According to one aspect of the present invention, a computer system is described. One apparatus includes a database portion configured to store a plurality of social network relationships, and a graphing system coupled to a database, wherein the graphing system includes a processor and random access memory, wherein the random access memory is configured to store at least a portion of the plurality of social network relationships from the database, wherein the processor is configured to determine a social map for a user in response to at least the portion of the plurality of social network relationships in the random access memory, and wherein the random access memory is configured to store the social map for the user. Systems may also include a server coupled to the database and the graphing system, wherein the server is configured to receive an indication of the user, and wherein the server is configured to provide the indication of the user to the graphing system.
According to another aspect of the present invention, a method for a computer system including a database system, a graphing system, and a server system is disclosed. One technique includes storing a plurality of social network relationships for a plurality of users including a first user, in the database system, copying at least a portion of the plurality of social network relationships to the graphing system, wherein the portion of the plurality of social network relationships are stored in random access memory of the graphing system, and receiving an indication of the first user in the graphing system. Processes may also include determining a social map for the first user in the graphing system, in response to the indication of the user and in response to at least the portion of the plurality of social network relationships stored in the random access memory, and storing the social map for the first user in the random access memory of the graphing system and/or on the application server system.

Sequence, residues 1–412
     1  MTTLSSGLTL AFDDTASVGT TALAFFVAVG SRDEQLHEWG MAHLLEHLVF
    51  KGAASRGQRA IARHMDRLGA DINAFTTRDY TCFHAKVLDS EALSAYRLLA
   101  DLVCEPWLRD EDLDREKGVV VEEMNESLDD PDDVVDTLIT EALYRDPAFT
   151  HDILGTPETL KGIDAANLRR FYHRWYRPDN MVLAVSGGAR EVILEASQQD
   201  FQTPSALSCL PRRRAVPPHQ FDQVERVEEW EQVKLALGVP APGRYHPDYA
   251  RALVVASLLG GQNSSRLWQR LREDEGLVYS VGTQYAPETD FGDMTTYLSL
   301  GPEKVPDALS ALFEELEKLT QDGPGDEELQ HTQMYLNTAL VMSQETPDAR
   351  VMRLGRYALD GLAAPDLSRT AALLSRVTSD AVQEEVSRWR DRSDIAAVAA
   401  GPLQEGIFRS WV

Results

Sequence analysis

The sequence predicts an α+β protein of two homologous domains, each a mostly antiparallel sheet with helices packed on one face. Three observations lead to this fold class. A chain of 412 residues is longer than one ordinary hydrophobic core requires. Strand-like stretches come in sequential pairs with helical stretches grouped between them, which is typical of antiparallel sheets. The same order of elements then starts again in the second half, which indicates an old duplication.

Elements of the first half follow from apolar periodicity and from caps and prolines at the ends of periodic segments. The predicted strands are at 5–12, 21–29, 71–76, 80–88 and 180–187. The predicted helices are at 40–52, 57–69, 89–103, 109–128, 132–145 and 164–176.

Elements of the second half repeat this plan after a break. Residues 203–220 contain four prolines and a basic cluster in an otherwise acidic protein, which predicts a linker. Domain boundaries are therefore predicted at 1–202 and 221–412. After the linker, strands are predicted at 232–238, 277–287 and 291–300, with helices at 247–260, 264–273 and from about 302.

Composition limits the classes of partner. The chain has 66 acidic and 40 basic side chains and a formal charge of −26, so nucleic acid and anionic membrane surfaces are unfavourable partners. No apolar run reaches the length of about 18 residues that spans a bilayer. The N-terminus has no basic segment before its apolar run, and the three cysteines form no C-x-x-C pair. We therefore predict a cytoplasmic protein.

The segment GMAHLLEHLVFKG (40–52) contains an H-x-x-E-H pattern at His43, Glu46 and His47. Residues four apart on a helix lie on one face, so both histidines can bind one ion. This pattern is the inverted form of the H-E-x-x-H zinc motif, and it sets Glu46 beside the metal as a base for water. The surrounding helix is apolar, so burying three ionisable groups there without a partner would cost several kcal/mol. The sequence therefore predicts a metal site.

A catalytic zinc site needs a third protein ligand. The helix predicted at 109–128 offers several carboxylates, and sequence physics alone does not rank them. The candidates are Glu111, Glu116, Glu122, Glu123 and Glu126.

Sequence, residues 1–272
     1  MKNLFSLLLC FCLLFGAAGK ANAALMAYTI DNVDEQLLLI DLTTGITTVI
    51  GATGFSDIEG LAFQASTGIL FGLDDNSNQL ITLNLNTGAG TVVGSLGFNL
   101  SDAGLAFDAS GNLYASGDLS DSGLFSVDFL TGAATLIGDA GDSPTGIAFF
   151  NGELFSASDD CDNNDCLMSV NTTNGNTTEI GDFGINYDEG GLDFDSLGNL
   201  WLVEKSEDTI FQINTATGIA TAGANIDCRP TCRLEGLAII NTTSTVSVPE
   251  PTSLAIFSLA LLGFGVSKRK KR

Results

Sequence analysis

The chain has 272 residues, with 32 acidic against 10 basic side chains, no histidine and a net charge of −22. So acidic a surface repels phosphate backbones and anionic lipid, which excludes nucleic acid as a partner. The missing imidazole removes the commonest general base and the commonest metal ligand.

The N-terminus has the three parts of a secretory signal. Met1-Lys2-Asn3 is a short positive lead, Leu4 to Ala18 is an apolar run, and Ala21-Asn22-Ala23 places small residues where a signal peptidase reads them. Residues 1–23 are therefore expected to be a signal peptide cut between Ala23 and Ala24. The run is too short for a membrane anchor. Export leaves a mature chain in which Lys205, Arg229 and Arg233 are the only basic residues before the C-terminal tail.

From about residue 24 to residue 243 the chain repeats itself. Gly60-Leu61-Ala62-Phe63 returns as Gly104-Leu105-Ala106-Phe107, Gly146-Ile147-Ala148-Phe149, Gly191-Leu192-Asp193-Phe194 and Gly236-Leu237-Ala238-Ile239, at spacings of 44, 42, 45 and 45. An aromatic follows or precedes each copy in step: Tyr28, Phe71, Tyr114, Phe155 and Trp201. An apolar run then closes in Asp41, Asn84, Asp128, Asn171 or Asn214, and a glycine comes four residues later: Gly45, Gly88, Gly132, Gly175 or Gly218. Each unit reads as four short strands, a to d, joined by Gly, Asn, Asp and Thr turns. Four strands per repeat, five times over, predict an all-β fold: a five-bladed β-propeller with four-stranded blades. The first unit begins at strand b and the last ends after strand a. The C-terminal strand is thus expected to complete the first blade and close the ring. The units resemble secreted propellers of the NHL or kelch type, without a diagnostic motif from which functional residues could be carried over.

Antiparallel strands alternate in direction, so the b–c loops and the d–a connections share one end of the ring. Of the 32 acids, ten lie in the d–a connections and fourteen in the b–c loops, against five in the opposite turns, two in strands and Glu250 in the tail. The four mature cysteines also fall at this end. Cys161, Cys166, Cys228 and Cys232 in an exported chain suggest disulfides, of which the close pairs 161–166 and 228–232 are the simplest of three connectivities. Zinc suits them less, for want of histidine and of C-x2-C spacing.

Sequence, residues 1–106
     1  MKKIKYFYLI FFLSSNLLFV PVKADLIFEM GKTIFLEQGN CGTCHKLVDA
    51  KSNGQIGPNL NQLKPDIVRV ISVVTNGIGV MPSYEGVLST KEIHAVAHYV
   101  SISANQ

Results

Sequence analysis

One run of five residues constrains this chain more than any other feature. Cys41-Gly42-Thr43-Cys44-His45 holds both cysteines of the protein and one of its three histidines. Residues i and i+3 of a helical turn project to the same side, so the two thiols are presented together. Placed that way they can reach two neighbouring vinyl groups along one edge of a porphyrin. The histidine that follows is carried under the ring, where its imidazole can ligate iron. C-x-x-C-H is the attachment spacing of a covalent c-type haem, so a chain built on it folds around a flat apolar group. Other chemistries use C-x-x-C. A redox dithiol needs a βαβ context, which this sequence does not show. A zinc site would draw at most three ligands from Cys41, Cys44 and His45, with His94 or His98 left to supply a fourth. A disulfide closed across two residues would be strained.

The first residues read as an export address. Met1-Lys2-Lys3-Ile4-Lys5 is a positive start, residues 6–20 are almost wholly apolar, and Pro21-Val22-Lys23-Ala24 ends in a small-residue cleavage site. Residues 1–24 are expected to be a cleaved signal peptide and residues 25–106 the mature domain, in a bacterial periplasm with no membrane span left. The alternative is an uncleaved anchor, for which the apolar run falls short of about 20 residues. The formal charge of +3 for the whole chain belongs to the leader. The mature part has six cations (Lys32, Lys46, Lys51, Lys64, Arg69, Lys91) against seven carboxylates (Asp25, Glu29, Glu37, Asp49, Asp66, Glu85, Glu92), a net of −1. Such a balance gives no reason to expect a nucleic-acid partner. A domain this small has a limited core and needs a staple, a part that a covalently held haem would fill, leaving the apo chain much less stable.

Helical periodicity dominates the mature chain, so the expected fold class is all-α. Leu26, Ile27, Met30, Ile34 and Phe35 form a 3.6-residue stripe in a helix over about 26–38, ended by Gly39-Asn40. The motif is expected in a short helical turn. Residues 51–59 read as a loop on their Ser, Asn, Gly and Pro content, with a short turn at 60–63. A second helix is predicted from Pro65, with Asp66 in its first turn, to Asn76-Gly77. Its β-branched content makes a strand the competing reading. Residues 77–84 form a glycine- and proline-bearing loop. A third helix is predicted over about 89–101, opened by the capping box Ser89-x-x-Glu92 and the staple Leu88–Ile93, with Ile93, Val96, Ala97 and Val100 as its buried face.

According to yet another aspect of the present invention, a computer program product for a computer system coupled to a database system, wherein the computer system includes a processor and random access memory, is disclosed. Computer program product may include code that directs the processor to receive a plurality of social network relationships for a plurality of users including a first user from a database system, code that directs the processor to maintain the plurality of social network relationships in the random access memory, and code that directs the processor to receive a social relationship query. Other computer program product may also include code that directs the processor to determine a social relationship query response in response to the social relationship query and in response to at least a portion of the plurality of social relationships in the random access memory. The codes typically reside on a tangible media, such as an optical storage media, magnetic storage media, semiconductor storage media, organic media, or the like.
In order to more fully understand the present invention, reference is made to the accompanying drawings. Understanding that these drawings are not to be considered limitations in the scope of the invention, the presently described embodiments and the presently understood best mode of the invention are described with additional detail through use of the accompanying drawings in which:
The following definitions are used in the present application:
Degrees of Social Separation—A value defined as immediate friends (or acquaintances) of a user being a first degree; friends of the user's immediate friends being a second degree; etc. Degrees of Social Separation may also refer to affinity groups, with members of the same affinity group being a first degree; members of directly related affinity groups being a second degree; etc. Degrees of social separation may also refer to a combination of ties between friends and ties between members of affinity groups. In various embodiments, degree of social separation between different users may be different depending upon which of the above separation distances are used, and based upon the context in which the degree is to be used.
In various embodiments, the degree of social separation between different users may be different depending upon which metric for separation distances are used, and depending upon the context in which the separation distance is to be used. Additionally, users may have different social separations for different user profiles. For example, two users may have a large social separation when considering personal profiles, but a small social separation when considering membership profiles in affinity groups.